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Artificial intelligence and screening for diabetic retinopathy

Oct 15, 2019

Up to now, the global prevalence of diabetic retinopathy (DR) is 34.6%, which is equal to nearly 100 million people worldwide. Alarmingly, the prevalence of diabetes is expected to increase at least 25% by 2030, which will bring a significant increase of the burden of DR.

Though most of vision loss from DR is avoidable through early detection and effective treatment strategies, DR screening programs are not widely implemented in many areas. This is mainly because inadequate availability of trained eye care personnel and financing, which is particularly important in the developing countries.
In the most recent 20 years, many studies tried to apply artificial intelligence (AI) aided method in DR screening with relatively small datasets (<1000 images). The machine-learning method used was including support vector machine, random forest, k-nearest, etc. Such studies had areas under the curve of the receiver operating characteristic curves (AUC) of up to 0.970. However, the algorithms build on such small training set usually were over-fitting and could not be generalized to external datasets.
In the wake of deep learning technique introduced by Prof. Hinton, several studies reported novel data on using AI for the detection of DR or referable DR. Gargeya et al. (2017) and Abramoff et al. (2016) validated their models using externally public datasets and reported high diagnostic accuracy for the classification of any DR with AUC of 0.94-0.98.
Google also developed a tool using AI to detect referable DR and reported excellent accuracy (AUC 0.99) when validated on external retinal images (almost 10000 fundus photographs). In addition, Ting et al. developed an AI model used 76,370 retinal photographs and reported robust accuracy for referable DR and vision-threatening DR against 10 multi-ethnic retinal image datasets. We also trained an AI using almost 100 000 fundus images and further validated in Malay, Caucasian Australians and Indigenous Australians with high accuracy (a sensitivity of 92.5% and a specificity of 98.5%).
Recently, the FDA of the U.S. approved a software called IDx-DR as the first AI medical device to classify fundus images for DR when used a specific retinal camera named Topcon NW400.
Overall, AI for detecting DR had achieved excellent performance. However, there are still many problems need to be addressed before application AI in to real-world setting.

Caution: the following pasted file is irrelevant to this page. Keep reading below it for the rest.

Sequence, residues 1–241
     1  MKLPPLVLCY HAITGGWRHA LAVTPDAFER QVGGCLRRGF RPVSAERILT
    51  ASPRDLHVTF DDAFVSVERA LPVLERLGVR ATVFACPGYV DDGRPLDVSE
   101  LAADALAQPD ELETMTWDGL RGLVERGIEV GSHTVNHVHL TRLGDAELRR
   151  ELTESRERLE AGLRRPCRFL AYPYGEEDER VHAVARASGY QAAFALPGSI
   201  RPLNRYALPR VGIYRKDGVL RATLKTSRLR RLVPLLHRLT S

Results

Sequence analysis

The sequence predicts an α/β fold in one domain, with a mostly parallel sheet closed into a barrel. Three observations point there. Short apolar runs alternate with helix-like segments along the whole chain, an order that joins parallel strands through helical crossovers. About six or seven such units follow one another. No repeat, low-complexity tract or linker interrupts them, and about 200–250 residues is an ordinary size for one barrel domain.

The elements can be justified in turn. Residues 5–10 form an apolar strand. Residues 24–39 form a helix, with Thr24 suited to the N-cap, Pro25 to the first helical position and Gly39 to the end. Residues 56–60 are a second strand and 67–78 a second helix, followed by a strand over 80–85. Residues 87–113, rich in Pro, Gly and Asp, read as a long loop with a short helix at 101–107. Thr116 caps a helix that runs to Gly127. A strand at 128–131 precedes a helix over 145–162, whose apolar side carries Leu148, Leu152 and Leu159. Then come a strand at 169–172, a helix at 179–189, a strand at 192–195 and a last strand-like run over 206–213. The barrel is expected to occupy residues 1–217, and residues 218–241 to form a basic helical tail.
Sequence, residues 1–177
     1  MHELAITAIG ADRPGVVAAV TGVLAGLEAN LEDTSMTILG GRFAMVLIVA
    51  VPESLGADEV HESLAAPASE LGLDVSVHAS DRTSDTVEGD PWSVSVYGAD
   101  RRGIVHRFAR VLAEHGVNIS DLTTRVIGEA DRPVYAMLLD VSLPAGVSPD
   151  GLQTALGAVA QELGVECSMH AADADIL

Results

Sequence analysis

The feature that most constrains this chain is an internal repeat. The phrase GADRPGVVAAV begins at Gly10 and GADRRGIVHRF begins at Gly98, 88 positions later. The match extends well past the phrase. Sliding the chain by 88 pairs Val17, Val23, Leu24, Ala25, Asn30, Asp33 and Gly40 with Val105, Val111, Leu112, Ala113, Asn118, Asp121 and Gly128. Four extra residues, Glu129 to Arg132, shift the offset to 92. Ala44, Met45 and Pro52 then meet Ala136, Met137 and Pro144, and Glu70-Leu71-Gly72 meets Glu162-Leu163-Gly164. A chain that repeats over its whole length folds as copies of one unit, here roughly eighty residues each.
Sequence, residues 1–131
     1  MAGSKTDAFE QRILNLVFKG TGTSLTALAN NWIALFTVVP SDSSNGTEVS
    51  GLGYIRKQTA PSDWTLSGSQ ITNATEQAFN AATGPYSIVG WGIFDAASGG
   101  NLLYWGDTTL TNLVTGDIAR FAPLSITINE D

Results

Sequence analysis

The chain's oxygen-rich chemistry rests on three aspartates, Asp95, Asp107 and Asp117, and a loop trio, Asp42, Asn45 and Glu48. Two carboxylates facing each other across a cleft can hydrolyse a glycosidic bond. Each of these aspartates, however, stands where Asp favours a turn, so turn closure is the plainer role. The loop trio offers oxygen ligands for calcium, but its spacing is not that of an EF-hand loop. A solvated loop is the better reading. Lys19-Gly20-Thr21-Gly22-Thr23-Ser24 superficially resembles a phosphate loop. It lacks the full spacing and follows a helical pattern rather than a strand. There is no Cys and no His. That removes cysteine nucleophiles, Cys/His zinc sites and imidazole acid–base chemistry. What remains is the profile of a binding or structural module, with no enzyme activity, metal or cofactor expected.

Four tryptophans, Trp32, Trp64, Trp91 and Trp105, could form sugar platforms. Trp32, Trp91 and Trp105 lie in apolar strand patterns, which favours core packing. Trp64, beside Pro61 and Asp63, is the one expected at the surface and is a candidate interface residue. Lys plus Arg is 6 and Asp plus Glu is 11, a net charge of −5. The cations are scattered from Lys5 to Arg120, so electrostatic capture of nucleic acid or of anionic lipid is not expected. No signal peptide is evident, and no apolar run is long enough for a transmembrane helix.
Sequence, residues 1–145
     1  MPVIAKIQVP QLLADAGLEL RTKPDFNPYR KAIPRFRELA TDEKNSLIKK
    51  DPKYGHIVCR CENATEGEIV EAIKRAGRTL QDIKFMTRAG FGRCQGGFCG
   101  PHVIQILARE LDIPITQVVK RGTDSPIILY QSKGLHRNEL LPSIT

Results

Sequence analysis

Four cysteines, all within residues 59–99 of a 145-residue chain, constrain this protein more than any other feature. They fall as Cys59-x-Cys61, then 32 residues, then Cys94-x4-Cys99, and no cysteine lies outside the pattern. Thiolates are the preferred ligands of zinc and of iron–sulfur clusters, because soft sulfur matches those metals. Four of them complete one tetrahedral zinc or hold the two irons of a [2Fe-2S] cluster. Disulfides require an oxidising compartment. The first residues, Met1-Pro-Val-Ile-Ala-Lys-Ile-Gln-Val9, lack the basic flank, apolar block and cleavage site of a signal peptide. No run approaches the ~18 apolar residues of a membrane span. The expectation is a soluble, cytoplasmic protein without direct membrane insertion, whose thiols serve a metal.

In this discussion, members are asked:

  1. What specific questions must be solved before applying AI in real-world setting in a large scale?
  2. Do you think other ocular diseases should be detected by AI at the same time?
  3. Are you willing to receive DR screening by AI?
  4. Is there any possibility to add AI as a tool for DR screening in the guidelines?

Information about the discussion leader

Prof. Mingguang He is currently Professor of Ophthalmic Epidemiology in University of Melbourne and Centre for Eye Research Australia, Director of WHO Collaborating Centre for Prevention of Blindness (Australia). He is the former Associate Director and Professor of Ophthalmology in the Zhongshan Ophthalmic Center (ZOC), Sun Yat-sen University in Guangzhou, China. His research interests include clinical and epidemiological research, randomized clinical trials, twin studies, imaging technology and big data research. He ran the first glaucoma survey and twin registry in China. He has published more than 290 scientific articles in international peer-reviewed journals, including the Journal of the American Medical Association (JAMA), the Lancet  as well as important book chapters, with more than 11900 citations. He has given more than 90 invited lectures at regional Asia and international conferences. He serves as editorial board member for several important journals, including Ophthalmology, the top ranked ophthalmology journal. He has received several awards including a distinguished young scholar award from the National Natural Science Foundation of China (2011) and the Holmes Lecture Award from the Asia-Pacific Academy of Ophthalmology (2015).

This is the ninth in a series of discussions introducing some of the programme sessions that will be featured at the IDF Congress 2019 in Busan, Korea, 2-6 December 2019.